"Bavarian Pretzels", by Kerry McFall - watercolor, ink, colored pencil
Europe at last! Our friends live in Bavaria about an hour outside of Munich in a Corvallis-sized town called Ingolstadt. The first Bavarian state university was founded here. Beavers gnaw at trees along the Danube. The resemblance between home and here ends there. Bicyclists rarely wear helmets. Pedestrians of all ages (not just college students) cross the street at unexpected times and random spots, cars honk at them but rarely slow down. There are no bumper stickers. The town mascot is a creature that is obviously a griffin – well, maybe a dragon – but they call it a panther. Centuries of history unwind as we walk along cobbled streets. Duke Ludwig the Bearded built a New Church in 1418; he was succeeded by his son Ludwig the Rich, who apparently imprisoned his father to be sure he DID become “the Rich”. Museums abound, notably the “Alte Anatomie” medical museum, which served as inspiration for the Frankenstein tale. We had a delicious Pancake Soup with our lunch – what a fabulous way to use up leftover pancakes! – at an inn whose claim to fame was serving the local doctor who was the model for Frankenstein…
When we arrived yesterday, our host presented us with a traditional Bavarian midday feast of steaming white sausages drowned in honey mustard, fresh pretzels, and Hefeweizen beer – mmmm. The pretzels were gorgeous and golden, spread with real butter (there went my illusion of losing weight with all the walking). Sketching them was the logical choice for the day, given my jet lag.
As I worked on the sketch and tried to stay awake, Markus baked a fresh plum cake and tea for the four o clock traditional “snack”. The “eat dessert first” philosophy may have originated here! At the evening meal, (fresh salad, cheese, cold cuts, more pretzels, and bread) I was introduced to the region of Franconia via Franconian wine. Evidently Franconia (spelled Frankisher in German) is in north Bavaria – somehow we skipped that in 5th grade geography… but it’s pretty important out here… kind of like the Corvallis/Sweet Home relationship… It was a crisp Pinot Grigio-type and was quite good. We’ve been promised a different wine with this evening’s meal… I really like Bavaria so far!
Last Saturday we navigated what’s left of the California freeway system from Sacramento to Claremont in a car crammed to bursting with Corey’s posessions and our travel gear, Corey continually reminding me that holding on to the car door does not make a bit of difference as to whether or not the idiots in the next lane will stop careening along so crazily. At one point it reached 113 degrees fahrenheit as we crept along in 7 lanes of traffic at 20 mph. Evidently, a paper bag over my head and a bottle of wine are the only way for us to survive those freeways.
Griff and Corey unpacked her things and schlepped them upstairs to her room, while I spent a hot hour under a white tent on the lawn, my feet and ankles being nibbled by unseen insects, sketching the outside of her dorm and drinking in the scent of oranges ripening on the nearby trees. The outside looks like a Mexican villa, the inside looks like Harry and Ron and Hermione should be arriving at any moment down the chimney of the Common Room. A glorious place for what Corey termed her Last First Day of School as she begins her senior year.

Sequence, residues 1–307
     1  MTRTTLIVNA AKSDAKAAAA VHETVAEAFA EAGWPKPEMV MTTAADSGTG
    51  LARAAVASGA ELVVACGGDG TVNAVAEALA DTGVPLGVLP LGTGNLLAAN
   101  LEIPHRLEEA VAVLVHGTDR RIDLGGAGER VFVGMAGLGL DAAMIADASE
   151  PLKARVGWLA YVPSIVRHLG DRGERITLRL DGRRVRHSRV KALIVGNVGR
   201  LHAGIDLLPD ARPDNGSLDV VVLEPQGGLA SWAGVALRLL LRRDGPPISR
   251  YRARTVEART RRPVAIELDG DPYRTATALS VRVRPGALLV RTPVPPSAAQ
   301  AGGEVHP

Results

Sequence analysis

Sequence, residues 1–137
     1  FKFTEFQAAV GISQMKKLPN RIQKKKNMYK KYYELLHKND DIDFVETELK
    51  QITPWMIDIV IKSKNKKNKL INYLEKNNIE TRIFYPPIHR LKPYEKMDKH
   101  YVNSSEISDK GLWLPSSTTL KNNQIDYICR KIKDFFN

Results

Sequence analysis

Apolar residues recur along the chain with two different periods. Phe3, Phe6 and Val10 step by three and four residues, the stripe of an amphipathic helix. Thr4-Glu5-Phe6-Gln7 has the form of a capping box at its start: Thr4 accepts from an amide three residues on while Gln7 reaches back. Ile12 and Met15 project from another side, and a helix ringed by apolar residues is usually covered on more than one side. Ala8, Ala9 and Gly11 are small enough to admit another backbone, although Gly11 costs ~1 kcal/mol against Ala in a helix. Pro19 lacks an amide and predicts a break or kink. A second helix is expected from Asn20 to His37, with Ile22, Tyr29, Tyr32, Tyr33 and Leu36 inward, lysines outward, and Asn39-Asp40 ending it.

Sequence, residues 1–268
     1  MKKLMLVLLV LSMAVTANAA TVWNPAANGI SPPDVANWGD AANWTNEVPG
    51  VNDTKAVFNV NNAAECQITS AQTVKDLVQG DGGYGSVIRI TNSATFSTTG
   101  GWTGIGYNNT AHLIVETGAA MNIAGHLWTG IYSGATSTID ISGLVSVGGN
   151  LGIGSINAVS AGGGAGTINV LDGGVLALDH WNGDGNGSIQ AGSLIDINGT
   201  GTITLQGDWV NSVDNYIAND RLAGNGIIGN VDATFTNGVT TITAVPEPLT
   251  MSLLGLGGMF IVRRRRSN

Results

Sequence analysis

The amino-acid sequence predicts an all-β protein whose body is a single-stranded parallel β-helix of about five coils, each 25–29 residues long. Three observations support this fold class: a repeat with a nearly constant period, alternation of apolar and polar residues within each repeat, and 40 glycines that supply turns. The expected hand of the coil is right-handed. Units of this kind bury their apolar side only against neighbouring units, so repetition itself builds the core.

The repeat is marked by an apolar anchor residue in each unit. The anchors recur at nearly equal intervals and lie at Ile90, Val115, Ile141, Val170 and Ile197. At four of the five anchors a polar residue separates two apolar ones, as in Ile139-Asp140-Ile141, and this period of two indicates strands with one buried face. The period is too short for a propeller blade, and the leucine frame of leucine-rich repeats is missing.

I am writing from Ingolstadt, Germany, safely arrived with our dear friends Ursula and Markus and Baby Simon. But I want to record the journey in order, so stepping back a few days to put first things first.
The first “leg” of our journey was Albany to Sacramento on the Amtrak Coast Starlight. I love train travel! We arrived at the Sacramento depot at 6:00 a.m., where we waited for Corey to pick us up. The architecture is elegant simplicity, curves and arches, marble and stones, with a huge mural from the WPA project era at one end. The fittings have endured – wooden benches, wrought iron chandeliers, cast iron door handles. Decoration celebrates every detail without being fussy. Why is it we can no longer put together such pleasing, enduring projects to keep artisans employed? Surely we can… Dear Congress – think WPA!
Even early as it was, the train coffee was strong, so I drank enough of it to be able to focus and sketch. I tried to convey the incongruity of the architecture as a backdrop for the garish plastic signage advertising the new do-it-yourself ticket machine, so out of place at such an early hour…
Yesterday I found Sparky reclining in my husband’s suitcase. (He
packed early to do a “rehearsal week” to be sure he had everything he’ll
need.) Disdain is the only word to describe her attitude. “Seriously? This whole travel thing just isn’t working out for me. And leaving me with some strangers who have a DOG!? I don’t think so. By the way, while you’re up, could bring me a handful of those kitty treats… thanks.”
I posted this digital montage the other night when I was so
tired that I managed to delete all the text that went with it. Now, six days later, I’ve finally got the presence of mind to type it into a text editor, then paste into the blog so I